Burt Reynolds is pictured in a scene from Sharky's Machine
Rewind: 1989. I am introduced to Burt Reynolds, the actor and the image.
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To the majority of film fans and general public, Burt Reynolds was the actor who appeared in Deliverance, he was Smokey and the Bandit, and he was the Cannonball Run.
Not to me.
To me he was the face of a couple of attractive VHS covers that adorned the shelves of several Naas video emporiums at that time.
They were: Hollywood Nights (of Poplar Square, later Xtra-Vision, and now Tax Accountants) and Screen Test (of the Dublin Road, later McCormack’s Furniture, and now Polonez).
This was late 80s/early 90s.
It was, also, a time when these films would be considered “inappropriate” for my tender age.
However nonetheless renting Heat, Malone, and Sharky’s Machine left an indelible impression on this film-fanatic youth.
Fast-forward thirty years.
I’m now writing tributes to this man I first met whilst perusing the shelves of those very Naas video shops that I lament, this man I grew to absolutely adore.
He was a screen icon who seems to sum up everything great about the idea of a movie star, and my favourite actor.
That, and I have been writing a book about him for the past year.
I never previously bought into the act of grieving for celebrity figures until Burt Reynolds’ death last September.
His passing hit me hard, but then I have been working intimately and intensely with many of his friends and colleagues. In fact, I was in the company of one of his closest friends when we both heard the news.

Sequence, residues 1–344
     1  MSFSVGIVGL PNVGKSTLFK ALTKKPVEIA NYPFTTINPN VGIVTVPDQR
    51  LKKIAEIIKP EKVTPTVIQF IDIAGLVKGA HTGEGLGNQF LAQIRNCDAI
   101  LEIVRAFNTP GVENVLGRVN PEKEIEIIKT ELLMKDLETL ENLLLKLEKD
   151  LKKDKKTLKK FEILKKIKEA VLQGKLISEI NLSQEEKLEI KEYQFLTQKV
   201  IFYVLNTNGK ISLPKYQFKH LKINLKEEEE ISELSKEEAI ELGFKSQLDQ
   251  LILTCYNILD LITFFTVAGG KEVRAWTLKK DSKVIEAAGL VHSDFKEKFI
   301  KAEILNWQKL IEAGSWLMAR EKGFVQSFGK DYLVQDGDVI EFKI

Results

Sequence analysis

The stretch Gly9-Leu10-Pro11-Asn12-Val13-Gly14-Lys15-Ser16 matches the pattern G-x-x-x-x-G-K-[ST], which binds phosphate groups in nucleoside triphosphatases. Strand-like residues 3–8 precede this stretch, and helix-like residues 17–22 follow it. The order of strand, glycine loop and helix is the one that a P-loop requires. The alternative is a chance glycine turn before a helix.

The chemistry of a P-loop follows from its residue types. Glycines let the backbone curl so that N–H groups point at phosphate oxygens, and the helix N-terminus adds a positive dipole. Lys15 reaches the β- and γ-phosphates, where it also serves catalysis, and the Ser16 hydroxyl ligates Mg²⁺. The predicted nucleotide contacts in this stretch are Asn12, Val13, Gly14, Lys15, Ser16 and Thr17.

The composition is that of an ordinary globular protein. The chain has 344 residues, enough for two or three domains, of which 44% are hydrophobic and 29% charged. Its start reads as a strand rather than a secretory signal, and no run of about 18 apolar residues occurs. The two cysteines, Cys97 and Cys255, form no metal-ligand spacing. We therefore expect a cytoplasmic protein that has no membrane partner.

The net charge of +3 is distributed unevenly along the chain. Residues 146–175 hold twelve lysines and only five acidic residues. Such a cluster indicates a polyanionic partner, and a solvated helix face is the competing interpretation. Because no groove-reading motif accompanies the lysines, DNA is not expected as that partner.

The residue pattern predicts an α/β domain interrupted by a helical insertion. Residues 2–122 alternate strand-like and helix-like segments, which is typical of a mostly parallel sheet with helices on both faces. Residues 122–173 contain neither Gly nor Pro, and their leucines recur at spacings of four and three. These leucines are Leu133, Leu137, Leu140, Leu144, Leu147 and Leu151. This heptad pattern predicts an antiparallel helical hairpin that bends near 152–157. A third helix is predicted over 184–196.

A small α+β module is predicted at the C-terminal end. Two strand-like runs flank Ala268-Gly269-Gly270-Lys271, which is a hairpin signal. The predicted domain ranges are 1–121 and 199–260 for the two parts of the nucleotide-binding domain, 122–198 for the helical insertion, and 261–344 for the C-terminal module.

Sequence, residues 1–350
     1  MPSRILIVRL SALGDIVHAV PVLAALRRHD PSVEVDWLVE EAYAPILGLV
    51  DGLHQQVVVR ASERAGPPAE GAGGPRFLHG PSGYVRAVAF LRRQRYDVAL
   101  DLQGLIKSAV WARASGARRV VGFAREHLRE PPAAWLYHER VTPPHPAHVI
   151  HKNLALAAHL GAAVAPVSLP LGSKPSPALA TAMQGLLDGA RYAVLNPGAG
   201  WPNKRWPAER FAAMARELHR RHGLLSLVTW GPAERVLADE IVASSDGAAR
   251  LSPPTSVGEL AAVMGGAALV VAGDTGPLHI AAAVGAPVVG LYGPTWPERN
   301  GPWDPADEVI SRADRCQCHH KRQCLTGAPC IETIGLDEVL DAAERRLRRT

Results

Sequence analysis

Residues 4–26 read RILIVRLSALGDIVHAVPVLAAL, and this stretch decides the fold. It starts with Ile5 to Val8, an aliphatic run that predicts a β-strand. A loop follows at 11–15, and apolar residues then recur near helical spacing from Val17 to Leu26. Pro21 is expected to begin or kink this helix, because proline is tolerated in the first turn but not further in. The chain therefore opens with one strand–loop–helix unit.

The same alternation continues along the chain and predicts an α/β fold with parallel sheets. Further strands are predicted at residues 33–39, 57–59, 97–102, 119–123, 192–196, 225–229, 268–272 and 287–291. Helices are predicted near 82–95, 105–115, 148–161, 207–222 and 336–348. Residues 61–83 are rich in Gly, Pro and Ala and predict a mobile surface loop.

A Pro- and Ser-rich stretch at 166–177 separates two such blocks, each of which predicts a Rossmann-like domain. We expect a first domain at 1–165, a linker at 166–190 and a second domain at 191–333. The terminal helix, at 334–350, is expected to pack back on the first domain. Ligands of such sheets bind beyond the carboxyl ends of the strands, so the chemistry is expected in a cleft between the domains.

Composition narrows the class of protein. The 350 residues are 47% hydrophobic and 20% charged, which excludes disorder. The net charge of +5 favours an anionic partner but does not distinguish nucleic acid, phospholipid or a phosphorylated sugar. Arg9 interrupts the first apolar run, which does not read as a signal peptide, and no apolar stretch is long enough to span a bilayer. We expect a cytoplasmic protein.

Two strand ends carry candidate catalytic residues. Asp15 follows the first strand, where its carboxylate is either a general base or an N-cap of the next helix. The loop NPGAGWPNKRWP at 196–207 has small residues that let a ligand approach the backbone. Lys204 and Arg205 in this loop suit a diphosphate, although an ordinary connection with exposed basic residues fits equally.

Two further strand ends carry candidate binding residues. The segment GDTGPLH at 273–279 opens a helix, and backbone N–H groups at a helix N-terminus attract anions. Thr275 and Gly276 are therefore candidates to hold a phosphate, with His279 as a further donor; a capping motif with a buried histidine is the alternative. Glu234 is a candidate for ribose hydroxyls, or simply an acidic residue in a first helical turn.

It was devastating. Whatever one might have felt about him in the traditional fan-star relationship is nothing compared to the emotion one feels having spent so much time getting to know the real person behind the public persona.
I couldn’t bring myself watch the obligatory news and media reports on his passing.
Because I knew in advance almost verbatim how they would summarise his life and career.
I knew they would not/could not do such a colossal artistic career justice.
Yes, Deliverance and Smokey and the Bandit were always going to be referenced.
But this man made nearly 150 feature films, and produced/directed/starred in several award-winning prime-time television series.
The Hawk, Dan August, B.L. Stryker, Evening Shade.
Burt Reynolds was so much more than a Nine O’Clock News sound bite after reports on the housing crisis and before the sports coverage.
Hell, these few words of mine here cannot even afford such a career as Burt Reynolds’ the respect it is due.
But what I can say is that Burt Reynolds, the one I have gotten to know over the past year, was more than just a couple of movies.
He was an elemental force of film.
Yes, he was the biggest, most profitable movie star in the world from 1977 to 1981.
Yet he was, by all accounts of the many people I have met who knew him and loved him, a most generous actor. And he was an even more generous person. He was an artist in the truest sense of the word.
RIP, my hero, Burt Reynolds.